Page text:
The Havamal: Ancient Viking philosophical and spiritual text

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posted on Dec, 9 2009 @ 04:24 AM
"Havamal" translates to "sayings of the high one," and is passed down to us from an Icelandic manuscript dating back to the 1270s, but the Havamal itself dates back much further.

From Wikipedia:

Hávamál ("Sayings of the high one") is presented as a single poem in the Poetic Edda. The poem, itself a combination of different poems, largely presents advice for living and survival composed around the central figure of Odin. Composed in the metre Ljóðaháttr, a metre associated with wisdom verse, Hávamál is both practical and metaphysical in content. This is particularly apparent towards the end of the poem, as the poem shifts into an account of Odin's obtaining of the runic alphabet and obscure text relating to various charms and spells Odin knows.[1]

The only surviving source for Hávamál is contained within the 13th century Codex Regius, and is thought to be no older than from around the year 800 AD (though derived from an earlier oral tradition). An early reference to the poem is by Eyvindr skáldaspillir, found in Hákonarmál from around the year 960 AD.

The complete Havamal can be found online here, .

Here are some selections from it:

The man who stands at a strange threshold,
Should be cautious before he cross it,
Glance this way and that:
Who knows beforehand what foes may sit
Awaiting him in the hall?

Greetings to the host,
The guest has arrived,
In which seat shall he sit?
Rash is he who at unknown doors
Relies on his good luck...

Better gear than good sense
A traveler cannot carry,
A more tedious burden than too much drink
A traveler cannot carry...

An ill tempered, unhappy man
Ridicules all he hears,
Makes fun of others, refusing always
To see the faults in himself...

A small hut of one's own is better,
A man is his master at home:
His heart bleeds in the beggar who must
Ask at each meal for meat.

A wayfarer should not walk unarmed,
But have his weapons to hand:
He knows not when he may need a spear,
Or what menace meet on the road. ...

The following day the Frost Giants came,
Walked into Har's hall To ask for Har's advice:
Had Bolverk they asked, come back to his friends,
Or had he been slain by Suttung?...

Never lift your eyes and look up in battle,
Lest the heroes enchant you,
who can change warriors
Suddenly into hogs...

Be not over wary, but wary enough,
First, of the foaming ale,
Second, of a woman wed to another,
Third, of the tricks of thieves.

Mock not the traveler met On the road,
Nor maliciously laugh at the guest:

The sitters in the hall seldom know
The kin of the new-comer:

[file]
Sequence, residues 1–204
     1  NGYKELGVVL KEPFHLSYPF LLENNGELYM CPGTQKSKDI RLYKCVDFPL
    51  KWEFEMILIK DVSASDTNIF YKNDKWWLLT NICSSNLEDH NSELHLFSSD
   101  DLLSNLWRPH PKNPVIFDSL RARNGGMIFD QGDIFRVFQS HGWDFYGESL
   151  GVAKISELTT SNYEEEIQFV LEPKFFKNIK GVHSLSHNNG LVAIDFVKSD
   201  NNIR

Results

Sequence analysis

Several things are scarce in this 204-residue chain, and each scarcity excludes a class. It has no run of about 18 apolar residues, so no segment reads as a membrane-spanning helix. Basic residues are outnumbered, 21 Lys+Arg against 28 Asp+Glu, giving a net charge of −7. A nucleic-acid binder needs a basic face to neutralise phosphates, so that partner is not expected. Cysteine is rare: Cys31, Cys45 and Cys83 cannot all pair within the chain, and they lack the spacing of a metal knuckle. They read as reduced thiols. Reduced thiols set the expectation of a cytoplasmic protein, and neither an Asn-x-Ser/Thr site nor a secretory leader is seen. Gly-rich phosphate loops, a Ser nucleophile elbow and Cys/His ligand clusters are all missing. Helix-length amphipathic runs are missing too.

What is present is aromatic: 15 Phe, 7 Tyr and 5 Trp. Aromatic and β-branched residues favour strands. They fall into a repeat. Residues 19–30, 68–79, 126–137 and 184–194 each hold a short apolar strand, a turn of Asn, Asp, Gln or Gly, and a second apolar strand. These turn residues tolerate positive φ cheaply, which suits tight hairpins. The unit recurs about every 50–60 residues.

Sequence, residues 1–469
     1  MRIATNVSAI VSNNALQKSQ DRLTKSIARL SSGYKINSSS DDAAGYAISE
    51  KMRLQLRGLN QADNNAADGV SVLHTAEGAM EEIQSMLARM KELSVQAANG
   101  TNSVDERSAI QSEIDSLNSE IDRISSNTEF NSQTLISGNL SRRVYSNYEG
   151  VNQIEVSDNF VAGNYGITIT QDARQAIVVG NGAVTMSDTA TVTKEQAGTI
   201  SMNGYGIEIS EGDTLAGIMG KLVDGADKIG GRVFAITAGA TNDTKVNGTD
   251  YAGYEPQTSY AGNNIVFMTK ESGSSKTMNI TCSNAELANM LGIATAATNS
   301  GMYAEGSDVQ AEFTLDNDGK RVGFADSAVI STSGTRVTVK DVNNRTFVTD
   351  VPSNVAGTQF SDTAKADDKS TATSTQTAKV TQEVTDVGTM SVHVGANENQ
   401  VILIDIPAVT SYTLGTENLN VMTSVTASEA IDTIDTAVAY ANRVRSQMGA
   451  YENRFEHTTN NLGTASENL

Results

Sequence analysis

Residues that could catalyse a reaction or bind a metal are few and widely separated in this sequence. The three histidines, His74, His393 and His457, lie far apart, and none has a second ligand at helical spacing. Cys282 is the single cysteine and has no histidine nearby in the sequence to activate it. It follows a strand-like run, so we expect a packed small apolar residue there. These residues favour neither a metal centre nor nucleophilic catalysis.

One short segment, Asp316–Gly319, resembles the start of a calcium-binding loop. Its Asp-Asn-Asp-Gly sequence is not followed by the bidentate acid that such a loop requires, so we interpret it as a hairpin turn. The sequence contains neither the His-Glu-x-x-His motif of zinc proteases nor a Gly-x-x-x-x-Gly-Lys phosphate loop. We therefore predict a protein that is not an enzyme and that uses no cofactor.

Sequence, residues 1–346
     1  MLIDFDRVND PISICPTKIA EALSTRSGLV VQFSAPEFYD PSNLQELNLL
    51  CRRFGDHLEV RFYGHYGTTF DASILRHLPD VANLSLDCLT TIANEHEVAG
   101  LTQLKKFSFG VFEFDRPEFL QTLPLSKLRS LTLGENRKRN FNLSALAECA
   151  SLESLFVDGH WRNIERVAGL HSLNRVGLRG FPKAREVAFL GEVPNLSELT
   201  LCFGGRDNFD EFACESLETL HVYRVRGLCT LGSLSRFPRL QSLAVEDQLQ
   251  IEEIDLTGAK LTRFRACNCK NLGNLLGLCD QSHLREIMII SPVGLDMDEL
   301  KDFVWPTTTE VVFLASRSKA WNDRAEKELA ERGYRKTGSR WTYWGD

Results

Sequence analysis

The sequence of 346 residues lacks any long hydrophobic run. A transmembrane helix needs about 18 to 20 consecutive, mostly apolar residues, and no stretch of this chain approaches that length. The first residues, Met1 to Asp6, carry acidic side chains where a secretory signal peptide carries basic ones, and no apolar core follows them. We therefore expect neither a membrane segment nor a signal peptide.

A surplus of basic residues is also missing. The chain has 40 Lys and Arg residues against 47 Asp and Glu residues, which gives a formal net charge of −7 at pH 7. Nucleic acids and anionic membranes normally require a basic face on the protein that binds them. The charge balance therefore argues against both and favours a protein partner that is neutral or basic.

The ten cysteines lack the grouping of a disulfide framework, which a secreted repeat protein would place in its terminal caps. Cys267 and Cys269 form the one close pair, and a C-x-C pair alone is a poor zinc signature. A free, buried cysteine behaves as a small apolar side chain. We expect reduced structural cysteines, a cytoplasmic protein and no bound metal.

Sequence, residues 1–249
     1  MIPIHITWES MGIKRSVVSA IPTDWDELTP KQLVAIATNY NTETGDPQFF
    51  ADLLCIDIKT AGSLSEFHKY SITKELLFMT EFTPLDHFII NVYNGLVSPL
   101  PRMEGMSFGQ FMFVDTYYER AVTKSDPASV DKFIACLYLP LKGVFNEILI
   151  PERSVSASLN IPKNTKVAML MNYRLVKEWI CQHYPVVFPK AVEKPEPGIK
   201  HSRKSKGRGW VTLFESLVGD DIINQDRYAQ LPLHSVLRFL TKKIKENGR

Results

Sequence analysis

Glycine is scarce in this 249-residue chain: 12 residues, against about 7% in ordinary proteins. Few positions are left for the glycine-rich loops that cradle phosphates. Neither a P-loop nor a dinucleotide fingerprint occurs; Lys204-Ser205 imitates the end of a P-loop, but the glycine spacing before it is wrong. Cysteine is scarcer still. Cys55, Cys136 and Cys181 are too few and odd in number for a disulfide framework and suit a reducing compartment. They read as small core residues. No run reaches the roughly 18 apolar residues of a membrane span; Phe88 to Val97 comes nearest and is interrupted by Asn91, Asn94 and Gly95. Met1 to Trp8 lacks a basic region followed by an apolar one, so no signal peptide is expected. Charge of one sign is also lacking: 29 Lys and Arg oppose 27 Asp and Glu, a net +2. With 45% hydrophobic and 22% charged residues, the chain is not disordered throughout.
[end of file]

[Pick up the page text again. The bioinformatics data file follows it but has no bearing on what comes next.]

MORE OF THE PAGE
The best man is marred by faults,
The worst is not without worth.

I thought this was interesting. This is the most explicit thing I have seen in terms of ancient Icelandic philosophy.

Here is a website that hosts the above text and more like it:

Also check out the Voluspa, which is mythological, and the information on runes.

posted on Dec, 9 2009 @ 06:39 AM
I found a website that had much of the old wisdom on it.

The Havamal proves that the "barbarians" of the north weren't such barbarians after all. I wish I could find a good translation of this and the Volsunga saga.

I thought Snori Snurlson was attributed to "saving" the Eddas?

posted on Dec, 9 2009 @ 06:57 AM
It is the best piece of wisom ever in my opinion. I have pages of notes from it but the translations are different from yours.

If you see it in Old Norse they are very short lines so they can not translate as good as you have written... it is a lot more simplistic.

And it is attributed to Odin but a lot of scholars say it is just so that he well seem even better, but have to wonder because it ccomes from around 600AD and must have been written by someone(s) very experienced with everything. Advice about friends, camping, loose women, lol. Psychologists dream.

Yes Snorri Sturlussen was the one who wrote it all down, other than he it was all oral. And he also compiled from all over Scandinavia to get various versions, to write the best version.

posted on Dec, 9 2009 @ 02:13 PM
Here is a website with a different translation that includes some non-English version beside it for comparison (though probably not the original language):

Here are still other translations:

This whole text reminds me of a Viking version of the ancient Chinese Tao te Ching, which imo also is much deeper in its insights, addressing duality and the illusory and relative nature of reality. The Tao te Ching is also much simpler in the original Chinese, and is hard to translate and retain the full range of meaning, as the characters are few and have several meanings each, just like runes I would imagine. And so there are many translations of that text as well.

posted on Dec, 9 2009 @ 03:02 PM
Excellent thread!

Kind of related, anyone interested should check out the book _Masks of Odin_. It goes through many of the Lays and derives some great deep meaning.

Masks of Odin by Elsa-Brita Titichenell: (free!)

posted on Dec, 9 2009 @ 06:16 PM
Kinsmen! Thanks to you all for the great links!

posted on Dec, 10 2009 @ 08:50 PM

Originally posted by Adaven
Masks of Odin by Elsa-Brita Titichenell: (free!)

Wow, thanks for posting that.

I only recently discovered the Havamal, and this link contains that text along with a good number of others from the same culture. I'll be reading through this link.

posted on Dec, 11 2009 @ 12:05 AM
Im planning on doing a thread series on the Norsemen, I think you would be interested, but I keep promising threads yet have barely started any of them! But when I get some more time Ill have a bunch up.

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